A Great Deal For The South Plains - KCBD NewsChannel 11 Lubbock

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A Great Deal For The South Plains

Farm Bill Benefits to the Lubbock Economic Area for 2002
Prepared by the House Committee on Agriculture

2002 Benefits
OLD Farm Bill

2002 Benefits
NEW Farm Bill

Increase

Bailey $8.860 million $14.427 million +$5.567 million
Cochran $11.201 million $18.368 million +$7.167 million
Crosby $18.897 million $32.062 million +$13.165 million
Dickens $2.067 million $3.922 million +$1.855 million
Floyd $24.436 million $37.540 million +$13.104 million
Garza $3.667 million $5.904 million +$2.237 million
Hale $37.813 million $56.725 million +$18.912 million
Hockley $21.293 million $35.289 million +$13.996 million
King $0.427 million $0.986 million +$0.559 million
Lamb $20.635 million $35.380 million +$14.745 million
Lubbock $23.505 million $42.670 million +$19.165 million
Lynn $20.162 million $35.408 million +$15.245 million
Motley $2.119 million $3.617 million +$1.497 million
Terry $22.312 million $37.991 million +$15.679 million
Yoakum $12.101 million $19.340 million +$7.239 million
Total $229.496 million $379.629 million +$150.132 million

Benefits include government payments associated with cotton, corn, sorghum, wheat, soybeans, sunflowers, barley, and oats. They are based on August crop and price estimates, and assumed base and yield improvements. Benefits are for the 2002 crop year only, but not all payments will be made during the 2002 calendar year.

Figures represent government payments only for these crops, and do not include the market value of these crops - typically ranging around $500 million per year in the county area.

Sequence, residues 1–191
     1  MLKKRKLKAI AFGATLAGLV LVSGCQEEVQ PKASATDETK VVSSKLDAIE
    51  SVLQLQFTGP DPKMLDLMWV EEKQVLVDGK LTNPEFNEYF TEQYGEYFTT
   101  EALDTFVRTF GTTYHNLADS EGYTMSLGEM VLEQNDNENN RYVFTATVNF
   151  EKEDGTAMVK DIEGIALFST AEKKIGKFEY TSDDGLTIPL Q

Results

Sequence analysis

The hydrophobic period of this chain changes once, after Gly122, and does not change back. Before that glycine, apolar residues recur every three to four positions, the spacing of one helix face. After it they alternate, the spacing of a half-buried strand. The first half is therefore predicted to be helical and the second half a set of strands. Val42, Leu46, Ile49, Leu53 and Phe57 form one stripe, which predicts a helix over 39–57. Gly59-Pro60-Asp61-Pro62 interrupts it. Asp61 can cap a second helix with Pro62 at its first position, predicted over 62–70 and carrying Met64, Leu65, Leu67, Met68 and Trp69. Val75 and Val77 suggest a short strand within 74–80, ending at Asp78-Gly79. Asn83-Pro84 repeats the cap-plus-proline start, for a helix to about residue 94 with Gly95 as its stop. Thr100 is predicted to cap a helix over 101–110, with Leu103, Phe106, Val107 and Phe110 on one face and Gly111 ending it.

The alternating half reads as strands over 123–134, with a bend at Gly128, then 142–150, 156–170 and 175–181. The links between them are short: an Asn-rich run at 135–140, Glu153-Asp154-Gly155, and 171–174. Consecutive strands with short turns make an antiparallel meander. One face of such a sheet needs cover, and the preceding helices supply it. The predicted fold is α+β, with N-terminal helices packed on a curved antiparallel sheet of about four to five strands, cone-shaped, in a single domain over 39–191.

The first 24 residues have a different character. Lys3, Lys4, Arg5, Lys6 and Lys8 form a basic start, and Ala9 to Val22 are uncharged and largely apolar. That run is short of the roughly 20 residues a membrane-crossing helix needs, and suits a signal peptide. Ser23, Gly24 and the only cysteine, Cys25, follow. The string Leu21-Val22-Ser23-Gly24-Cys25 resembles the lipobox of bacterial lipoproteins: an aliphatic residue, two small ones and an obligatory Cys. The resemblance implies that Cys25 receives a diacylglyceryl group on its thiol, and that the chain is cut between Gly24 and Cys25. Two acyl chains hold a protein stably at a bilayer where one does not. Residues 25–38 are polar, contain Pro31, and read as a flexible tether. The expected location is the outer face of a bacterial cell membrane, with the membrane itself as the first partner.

Not included in this analysis are:

  • Peanut benefits that will provide stability to a growing industry that produced approximately $50 million worth of peanuts in the 15-county area in 2001.
  • Dairy benefits under the traditional price support and new Dairy Market Loss program.
  • Crop Insurance benefits or other crop-loss assistance programs that provide cash assistance when yields are low.
  • Conservation assistance under the Environmental Quality Incentives Program (EQIP - which was increased by 6-fold in the new farm bill), Water Conservation Program (a new program that in 2002 is providing $6.8 million in cost-share assistance for Texas farmers who irrigate from the Ogallala aquifer), and the Conservation Security Program (CSP - a new program that will provide incentives for good stewardship practice on all agricultural lands including ranch land.)
  • Conservation Reserve Program (CRP) payments which total approximately $40 million per year in the 15 county area.
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